Figures released this week by the World Health Organization and the United Nations AIDS agency showed a slight decline in the number of people living with HIV worldwide.
While churches and Christian NGOs welcomed the news, they say there is still much to be done.
"We welcome any indication that fewer people are living with HIV, whether it is through more accurate statistics or because a strong response in some areas is making a positive impact," said Linda Hartke, coordinator of the Ecumenical Advocacy Alliance.
"But in no way can we relax our efforts. HIV remains a devastating disease not just for individuals, but for families, communities and nations," she said.
According to the latest figures revised by WHO and UNAIDS, the number of AIDS cases fell from almost 40 million cases last year to about 33.2 million cases in 2007. Furthermore, there were approximately 2.5 million adults and children newly infected with HIV and about 2.1 million who lost their lives due to the illness in 2007. Just a few years ago, the number of newly infected people was about 5 million.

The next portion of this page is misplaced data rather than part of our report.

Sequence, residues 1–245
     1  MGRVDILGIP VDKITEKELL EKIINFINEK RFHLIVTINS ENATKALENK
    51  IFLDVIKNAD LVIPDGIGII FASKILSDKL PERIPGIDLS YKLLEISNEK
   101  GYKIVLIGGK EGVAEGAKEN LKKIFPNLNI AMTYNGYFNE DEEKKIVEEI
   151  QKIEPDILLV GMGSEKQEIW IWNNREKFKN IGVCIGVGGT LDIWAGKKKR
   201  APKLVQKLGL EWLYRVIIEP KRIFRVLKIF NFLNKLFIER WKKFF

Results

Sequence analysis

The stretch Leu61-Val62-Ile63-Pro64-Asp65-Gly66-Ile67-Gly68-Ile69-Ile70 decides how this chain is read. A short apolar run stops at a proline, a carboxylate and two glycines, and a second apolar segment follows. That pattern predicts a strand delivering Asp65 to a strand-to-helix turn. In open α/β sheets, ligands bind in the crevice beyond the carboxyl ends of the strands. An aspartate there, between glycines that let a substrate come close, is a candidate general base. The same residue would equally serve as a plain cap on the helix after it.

Numbers of people living with the virus are leveling out and the percentage of the population affected is now in decline, the report claimed.
The Rev. Dr. Hielke Wolters, director of Justice, Diakonia and Responsibility for Creation for the World Council of Churches, said he was encouraged that more accurate figures "will help the world to plan, mobilize resources and implement actions more effectively to overcome HIV."
"These reductions in estimates cannot lower our commitment and our focus to overcome this preventable and treatable disease," he added.
Every day in 2007, more than 6,800 people were infected with HIV. Women made up half of those infected. Over 5,700 died from it everyday.
"So many lives lost due to AIDS is really a concern. What's worse, over two-thirds of those infected in India don't know they are HIV positive," said Dr. Dennis Broun, UNAIDS chief in India.
WHO and UNAIDS issued their annual AIDS report on Wednesday, after convening an expert meeting last week in Geneva to examine their data collection methods.
According to the report, much of the global drop in AIDS cases is due to revised numbers from India — which earlier this year slashed its numbers in half, from about 6 million cases to about 3 million — and to new data from several countries in sub-Saharan Africa.
The new report was released less than two weeks before World AIDS Day, which falls each year on Dec. 1. The theme this year is "Stop AIDS. Keep the Promise – Leadership."